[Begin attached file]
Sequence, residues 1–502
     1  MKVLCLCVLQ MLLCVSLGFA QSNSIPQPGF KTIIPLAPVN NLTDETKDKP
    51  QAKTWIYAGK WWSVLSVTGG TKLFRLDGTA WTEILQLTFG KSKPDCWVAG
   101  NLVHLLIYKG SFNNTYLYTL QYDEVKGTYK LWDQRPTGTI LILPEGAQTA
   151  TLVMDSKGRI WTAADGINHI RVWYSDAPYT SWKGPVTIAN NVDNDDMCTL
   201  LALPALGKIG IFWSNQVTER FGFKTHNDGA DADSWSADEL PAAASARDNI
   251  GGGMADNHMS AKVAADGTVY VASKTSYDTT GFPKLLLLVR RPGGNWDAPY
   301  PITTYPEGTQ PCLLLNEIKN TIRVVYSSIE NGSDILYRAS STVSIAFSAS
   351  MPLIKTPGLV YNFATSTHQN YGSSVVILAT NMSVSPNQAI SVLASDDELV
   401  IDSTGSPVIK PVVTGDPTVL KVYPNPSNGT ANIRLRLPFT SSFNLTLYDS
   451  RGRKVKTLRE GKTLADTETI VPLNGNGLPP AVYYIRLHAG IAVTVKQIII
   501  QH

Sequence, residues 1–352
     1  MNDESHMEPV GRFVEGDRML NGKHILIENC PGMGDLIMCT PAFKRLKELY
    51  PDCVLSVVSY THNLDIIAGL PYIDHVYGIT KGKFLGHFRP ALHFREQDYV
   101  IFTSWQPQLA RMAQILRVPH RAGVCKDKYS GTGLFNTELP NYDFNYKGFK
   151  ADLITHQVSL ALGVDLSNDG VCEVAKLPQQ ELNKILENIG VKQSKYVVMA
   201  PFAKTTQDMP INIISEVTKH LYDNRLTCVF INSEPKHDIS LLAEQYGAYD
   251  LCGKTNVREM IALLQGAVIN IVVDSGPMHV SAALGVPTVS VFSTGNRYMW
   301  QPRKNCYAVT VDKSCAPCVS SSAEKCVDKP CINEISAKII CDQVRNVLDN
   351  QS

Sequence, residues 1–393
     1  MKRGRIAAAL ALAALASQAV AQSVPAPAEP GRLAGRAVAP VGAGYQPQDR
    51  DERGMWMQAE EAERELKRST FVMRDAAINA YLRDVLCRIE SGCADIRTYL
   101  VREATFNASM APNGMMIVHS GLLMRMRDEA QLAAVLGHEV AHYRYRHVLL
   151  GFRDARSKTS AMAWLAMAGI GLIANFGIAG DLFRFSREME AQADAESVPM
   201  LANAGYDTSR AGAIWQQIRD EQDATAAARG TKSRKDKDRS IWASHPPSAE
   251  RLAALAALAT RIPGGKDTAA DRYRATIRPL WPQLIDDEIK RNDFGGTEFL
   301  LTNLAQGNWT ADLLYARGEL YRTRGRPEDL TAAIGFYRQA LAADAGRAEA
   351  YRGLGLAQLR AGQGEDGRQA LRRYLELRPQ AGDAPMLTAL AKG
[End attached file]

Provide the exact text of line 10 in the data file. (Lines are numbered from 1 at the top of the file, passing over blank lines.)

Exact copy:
   401  IDSTGSPVIK PVVTGDPTVL KVYPNPSNGT ANIRLRLPFT SSFNLTLYDS